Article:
But if the Times Union blogs are so insignificant, as Mr. Smith says in his letter, isn’t it strange that he made such a big deal over Chuck’s prank? It’s true that newspapers are weathering a storm of change, but rest easy. They still have the spunk to pick a fight that they can easily win.

Newspapermen Are Such Interesting People

Let’s recap: over the weekend the Times Union squashed an April Fools’ post in their blog section. Truth be told, they squashed the blogger, too.

But is there a double standard at play?

Chuck Miller wrote an over-the-top satirical piece about Kellyanne Conway being invited to speak at the University at Albany commencement in May. He also wrote, even more outlandishly, that the school was naming its journalism program for Conway. It was obviously a joke.

Meanwhile, blogger Rich Guthrie wrote a rambling April Fools’ post about how bird watchers are sapping birds of their color with cheap binoculars. It was an inspired bit of quackery. Pun intended. Like Chuck’s post, it was obviously a joke.

Miller’s post was deleted and he was blocked from using his account. Editor Rex Smith himself published a retraction and declared, “Even on April Fools’ Day, there’s no place for fake news under the Times Union banner.”

Well, I guess there’s a little room for fake news, because Guthrie’s bird post is still up. Here’s the question: what makes Chuck Miller’s blog post fake news and Guthrie’s post acceptable?

Maybe the outcome would have been different if the newspaper’s publisher served on the board of the Audubon Society, instead of the University at Albany Foundation.  Your guess is as good as mine.

April Foolery

Times Union blogger Chuck Miller posted something new every single day since August 2009. That streak was broken today because the paper suspended him and locked him out of his blog.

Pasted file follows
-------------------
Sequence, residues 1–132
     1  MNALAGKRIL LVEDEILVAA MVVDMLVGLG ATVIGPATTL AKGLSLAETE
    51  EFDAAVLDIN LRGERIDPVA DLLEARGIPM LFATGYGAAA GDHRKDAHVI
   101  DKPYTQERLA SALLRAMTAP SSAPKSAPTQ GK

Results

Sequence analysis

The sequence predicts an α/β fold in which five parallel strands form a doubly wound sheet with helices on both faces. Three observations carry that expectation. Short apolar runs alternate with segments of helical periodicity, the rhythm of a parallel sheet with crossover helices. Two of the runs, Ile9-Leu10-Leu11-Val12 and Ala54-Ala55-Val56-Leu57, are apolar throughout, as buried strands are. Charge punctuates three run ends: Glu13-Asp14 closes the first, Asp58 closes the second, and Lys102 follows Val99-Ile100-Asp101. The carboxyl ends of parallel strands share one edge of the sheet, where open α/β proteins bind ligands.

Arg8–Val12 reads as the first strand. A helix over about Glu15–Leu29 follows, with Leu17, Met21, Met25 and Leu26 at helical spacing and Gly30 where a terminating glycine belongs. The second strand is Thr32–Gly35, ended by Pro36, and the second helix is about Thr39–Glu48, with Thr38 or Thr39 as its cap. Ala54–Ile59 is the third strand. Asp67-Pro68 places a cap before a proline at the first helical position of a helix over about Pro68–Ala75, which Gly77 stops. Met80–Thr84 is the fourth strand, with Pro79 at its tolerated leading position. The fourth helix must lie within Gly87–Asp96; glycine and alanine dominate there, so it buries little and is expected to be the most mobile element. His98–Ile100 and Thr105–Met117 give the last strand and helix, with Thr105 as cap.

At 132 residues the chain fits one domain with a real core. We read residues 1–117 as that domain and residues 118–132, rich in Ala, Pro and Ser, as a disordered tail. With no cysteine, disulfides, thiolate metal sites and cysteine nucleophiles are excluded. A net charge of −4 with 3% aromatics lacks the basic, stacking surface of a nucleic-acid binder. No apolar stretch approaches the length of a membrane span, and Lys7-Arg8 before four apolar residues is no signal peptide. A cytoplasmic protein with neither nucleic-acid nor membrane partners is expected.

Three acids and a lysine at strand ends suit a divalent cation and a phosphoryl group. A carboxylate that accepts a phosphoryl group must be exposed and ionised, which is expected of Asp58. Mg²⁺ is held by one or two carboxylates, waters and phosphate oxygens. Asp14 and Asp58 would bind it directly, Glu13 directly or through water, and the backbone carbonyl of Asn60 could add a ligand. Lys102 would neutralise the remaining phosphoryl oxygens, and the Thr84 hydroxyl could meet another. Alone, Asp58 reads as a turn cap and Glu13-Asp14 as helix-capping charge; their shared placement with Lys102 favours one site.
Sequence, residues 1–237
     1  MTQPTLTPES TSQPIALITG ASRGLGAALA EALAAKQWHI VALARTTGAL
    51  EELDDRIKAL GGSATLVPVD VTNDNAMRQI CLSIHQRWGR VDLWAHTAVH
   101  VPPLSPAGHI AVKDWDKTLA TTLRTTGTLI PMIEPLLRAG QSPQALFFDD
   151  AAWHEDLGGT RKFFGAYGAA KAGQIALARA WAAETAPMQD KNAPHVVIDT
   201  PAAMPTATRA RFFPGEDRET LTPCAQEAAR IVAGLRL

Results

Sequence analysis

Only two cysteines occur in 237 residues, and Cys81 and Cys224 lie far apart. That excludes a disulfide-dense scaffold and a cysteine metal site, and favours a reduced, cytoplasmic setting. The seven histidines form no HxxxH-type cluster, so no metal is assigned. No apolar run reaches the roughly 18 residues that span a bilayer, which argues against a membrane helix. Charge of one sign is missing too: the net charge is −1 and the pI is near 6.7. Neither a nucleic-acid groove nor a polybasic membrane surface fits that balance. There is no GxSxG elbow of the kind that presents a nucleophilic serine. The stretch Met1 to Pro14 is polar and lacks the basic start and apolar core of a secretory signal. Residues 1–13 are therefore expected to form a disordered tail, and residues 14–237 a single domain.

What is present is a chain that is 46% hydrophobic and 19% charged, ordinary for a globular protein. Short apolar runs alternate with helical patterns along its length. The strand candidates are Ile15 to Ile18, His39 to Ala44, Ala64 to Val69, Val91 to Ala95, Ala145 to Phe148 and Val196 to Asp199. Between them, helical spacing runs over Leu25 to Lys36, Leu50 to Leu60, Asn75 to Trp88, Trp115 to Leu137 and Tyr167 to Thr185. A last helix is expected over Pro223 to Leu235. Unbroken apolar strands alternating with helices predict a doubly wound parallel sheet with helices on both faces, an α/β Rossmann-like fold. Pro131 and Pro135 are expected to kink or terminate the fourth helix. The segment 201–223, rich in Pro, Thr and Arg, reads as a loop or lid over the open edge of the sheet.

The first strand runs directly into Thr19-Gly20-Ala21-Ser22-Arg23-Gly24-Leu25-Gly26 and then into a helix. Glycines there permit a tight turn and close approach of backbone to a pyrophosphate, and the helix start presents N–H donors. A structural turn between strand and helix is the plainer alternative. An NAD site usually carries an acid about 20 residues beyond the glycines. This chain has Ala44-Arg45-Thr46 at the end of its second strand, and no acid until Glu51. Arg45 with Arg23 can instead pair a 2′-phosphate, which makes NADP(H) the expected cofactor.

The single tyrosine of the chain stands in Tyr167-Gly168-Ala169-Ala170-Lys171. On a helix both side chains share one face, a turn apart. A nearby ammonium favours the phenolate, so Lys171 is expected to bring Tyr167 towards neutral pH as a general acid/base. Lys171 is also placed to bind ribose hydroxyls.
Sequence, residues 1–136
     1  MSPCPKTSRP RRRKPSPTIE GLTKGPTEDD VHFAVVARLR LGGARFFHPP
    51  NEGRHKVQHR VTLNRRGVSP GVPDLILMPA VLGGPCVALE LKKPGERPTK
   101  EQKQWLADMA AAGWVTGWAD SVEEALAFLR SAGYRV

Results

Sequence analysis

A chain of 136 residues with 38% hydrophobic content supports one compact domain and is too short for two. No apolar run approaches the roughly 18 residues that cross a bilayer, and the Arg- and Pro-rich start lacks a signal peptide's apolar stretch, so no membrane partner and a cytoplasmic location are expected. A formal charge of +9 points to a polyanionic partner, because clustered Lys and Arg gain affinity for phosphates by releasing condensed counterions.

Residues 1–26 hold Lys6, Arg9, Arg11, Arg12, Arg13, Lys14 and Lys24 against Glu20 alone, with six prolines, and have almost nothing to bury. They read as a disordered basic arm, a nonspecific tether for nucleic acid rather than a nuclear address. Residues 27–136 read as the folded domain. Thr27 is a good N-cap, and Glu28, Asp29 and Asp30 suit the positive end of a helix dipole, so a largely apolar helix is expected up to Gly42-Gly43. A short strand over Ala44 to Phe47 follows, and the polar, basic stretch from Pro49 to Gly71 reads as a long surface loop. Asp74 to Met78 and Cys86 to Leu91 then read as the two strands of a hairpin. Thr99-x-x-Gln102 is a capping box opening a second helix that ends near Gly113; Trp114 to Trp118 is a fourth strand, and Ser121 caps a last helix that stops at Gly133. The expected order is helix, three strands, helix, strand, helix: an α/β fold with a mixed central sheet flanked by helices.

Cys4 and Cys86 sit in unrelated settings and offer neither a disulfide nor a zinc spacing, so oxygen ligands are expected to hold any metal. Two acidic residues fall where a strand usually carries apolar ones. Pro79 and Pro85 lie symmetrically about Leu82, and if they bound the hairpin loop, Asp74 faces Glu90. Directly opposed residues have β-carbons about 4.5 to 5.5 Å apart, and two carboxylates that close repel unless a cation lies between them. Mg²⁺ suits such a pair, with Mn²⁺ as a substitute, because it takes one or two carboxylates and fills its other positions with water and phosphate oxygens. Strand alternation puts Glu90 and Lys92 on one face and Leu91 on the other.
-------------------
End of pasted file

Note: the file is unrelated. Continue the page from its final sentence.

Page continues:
What happened? The area’s biggest newspaper didn’t like Chuck’s post for April Fools’ Day, an innocent prank that implausibly suggested that Kellyanne Conway was scheduled to speak at the UAlbany commencement. They deleted the item, but I was able to save it from my news reader if you’d like to see it.

And the TU didn’t just take his post down and suspend him, they issued a retraction, from no less than the paper’s vice president & editor, Rex Smith:

A community blog hosted by timesunion.com falsely reported Saturday morning that Kellyanne Conway, a senior advisor to President Trump, would be the commencement speaker at the University at Albany. As soon as we were alerted to the post, we removed it from our site and suspended the blog. We apologize to anybody who was misled by this post, which was not written by a Times Union staff member. Even on April Fools’ Day, there’s no place for fake news under the Times Union banner.

Rex Smith, editor

Fake news? That’s not just crazy, it’s Trump crazy.

Chuck’s had this sort of fun on April 1 for as long as I can remember — it’s sort of a tradition. I’m sure he didn’t expect this violent, knee-jerk reaction from the paper, especially not after serving them faithfully, without a penny of compensation, for so many years.

So what made this April Fools’ Day different?

I suspect that somebody, maybe even somebody at the University at Albany, got hold of Rex Smith and complained. Or — and this is very likely — it came down from his boss, who is president of the University at Albany Foundation.  For Smith to step up early on a Saturday morning and intervene in something so trivial is extraordinary — but so is a call from your boss early on a Saturday morning.

I’ve been critical of the way the paper treats its bloggers. Times Union bloggers get nothing for their efforts, even though they provide free online content to one of America’s most powerful media organizations, Hearst Communications. The paper gets clicks, the bloggers get nothing.